It’s been a bit of a rocky year for investments, with headline-grabbing troughs - and less well-reported rises too. As investments and pension statements and reports drop through our letterbox, many of us will not have made the returns of past years.
If this causes you concern, remember than any short term falls in stocks and pension values are just that - short term. Whilst (at time of writing) last-minute Brexit negotiations may be causing currency fluctuations, the rollout of a COVID-19 vaccine offers a long-term solution to the pandemic and a more stable economy.
Short-term loss may feel painful in the moment, but in the long term, it is usually just another blip on a graph. If you have concerns, your first move should be to book a review. You can talk through your current plan and estate, and then discuss any actions you might want to take with your financial advisor. (Just to say that Panthera Estate Planning does not provide regulated financial advice, so we would introduce you to our sister company Panthera Wealth.)
A steady and considered approach will prevent any rash decisions made in haste, and keep you on track to ensure you have the right amount to maintain your lifestyle in retirement.
Asset values and legacies in your will
In general, rises and falls in the value of your estate won’t affect legacies in your will, if they are allocated proportionally. So, for example, you might choose to leave your five children 10% each of your estate, and your spouse the remaining 50%. Regardless of the actual value of your estate at the time of your death, those proportions remain the same.
As a result:
- If the value of your estate is less than at the time you made your will, beneficiaries may receive less than you intended.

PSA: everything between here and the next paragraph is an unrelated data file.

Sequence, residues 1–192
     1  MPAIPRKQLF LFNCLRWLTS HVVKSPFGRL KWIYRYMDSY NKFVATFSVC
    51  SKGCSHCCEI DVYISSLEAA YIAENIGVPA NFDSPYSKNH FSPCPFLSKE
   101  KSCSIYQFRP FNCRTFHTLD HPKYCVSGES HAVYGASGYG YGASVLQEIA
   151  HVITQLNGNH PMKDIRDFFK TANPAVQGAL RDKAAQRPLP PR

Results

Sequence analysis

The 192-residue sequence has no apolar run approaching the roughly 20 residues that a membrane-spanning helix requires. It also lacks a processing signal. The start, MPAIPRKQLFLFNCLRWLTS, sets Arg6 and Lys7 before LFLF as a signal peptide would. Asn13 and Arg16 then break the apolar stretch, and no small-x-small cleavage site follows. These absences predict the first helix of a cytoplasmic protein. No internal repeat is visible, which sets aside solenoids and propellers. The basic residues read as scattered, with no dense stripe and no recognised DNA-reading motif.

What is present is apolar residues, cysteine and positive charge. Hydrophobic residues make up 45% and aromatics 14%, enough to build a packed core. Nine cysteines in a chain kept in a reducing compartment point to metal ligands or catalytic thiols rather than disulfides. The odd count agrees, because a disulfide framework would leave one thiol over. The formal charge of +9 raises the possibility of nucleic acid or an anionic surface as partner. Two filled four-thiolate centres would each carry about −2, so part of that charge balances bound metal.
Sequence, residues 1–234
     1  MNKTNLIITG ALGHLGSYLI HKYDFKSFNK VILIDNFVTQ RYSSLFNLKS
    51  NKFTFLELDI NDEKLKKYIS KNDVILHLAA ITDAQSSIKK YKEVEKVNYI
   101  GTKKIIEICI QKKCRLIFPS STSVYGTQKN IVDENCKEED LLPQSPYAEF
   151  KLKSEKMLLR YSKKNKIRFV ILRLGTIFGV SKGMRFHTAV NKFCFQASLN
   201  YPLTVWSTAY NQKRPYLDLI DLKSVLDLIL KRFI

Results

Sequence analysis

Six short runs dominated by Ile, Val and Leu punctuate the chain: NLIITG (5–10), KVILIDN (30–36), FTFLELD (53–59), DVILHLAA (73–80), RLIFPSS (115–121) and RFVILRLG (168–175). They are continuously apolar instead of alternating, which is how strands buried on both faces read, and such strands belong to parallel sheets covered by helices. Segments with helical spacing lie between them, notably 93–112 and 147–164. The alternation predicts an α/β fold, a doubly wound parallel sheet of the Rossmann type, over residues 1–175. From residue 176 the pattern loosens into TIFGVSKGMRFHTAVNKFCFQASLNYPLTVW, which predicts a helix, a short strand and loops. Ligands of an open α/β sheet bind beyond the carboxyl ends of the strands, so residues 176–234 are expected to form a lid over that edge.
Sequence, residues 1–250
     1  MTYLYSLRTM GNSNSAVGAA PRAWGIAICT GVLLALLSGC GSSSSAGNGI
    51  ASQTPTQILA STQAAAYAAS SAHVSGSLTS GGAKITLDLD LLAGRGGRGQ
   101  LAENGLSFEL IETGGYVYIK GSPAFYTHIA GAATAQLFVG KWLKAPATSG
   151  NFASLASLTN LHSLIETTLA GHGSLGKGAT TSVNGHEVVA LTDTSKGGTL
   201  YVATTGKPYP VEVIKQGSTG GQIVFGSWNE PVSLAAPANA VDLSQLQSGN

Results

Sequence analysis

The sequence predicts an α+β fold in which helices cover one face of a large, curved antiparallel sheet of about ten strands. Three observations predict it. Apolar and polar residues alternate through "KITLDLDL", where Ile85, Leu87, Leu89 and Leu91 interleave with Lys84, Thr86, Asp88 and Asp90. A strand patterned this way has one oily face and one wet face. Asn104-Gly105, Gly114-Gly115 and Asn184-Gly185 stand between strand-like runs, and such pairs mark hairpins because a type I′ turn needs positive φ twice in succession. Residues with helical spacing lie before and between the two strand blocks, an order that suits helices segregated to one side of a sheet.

- Conversely, if the value of your estate has risen considerably, and you haven’t revised your will, some beneficiaries may receive a lot more than you originally intended.
You may consider that a percentage allocation is both the fairest and an ideal “Goldilocks” solution - giving each beneficiary a share in your legacy that is not too big, not too small, but just right!
The Inheritance tax threshold
There is another reason to review the value of your estate, in that rising asset values could tip you over the Inheritance tax threshold. The issue here is that the allowances for Inheritance Tax have not risen, so sometimes even a modest rise in value can result in a tax bill. (For more details see our recent article on reducing Inheritance Tax.)
Monetary gifts in your will
Proportions alone won’t guarantee a certain amount, but they are much more flexible than fixed amounts. You can leave a monetary gift for a specific amount in your will to a named beneficiary. However, if there are insufficient funds in the estate to pay this, the estate has to find that money to pay the beneficiary and honour your wishes.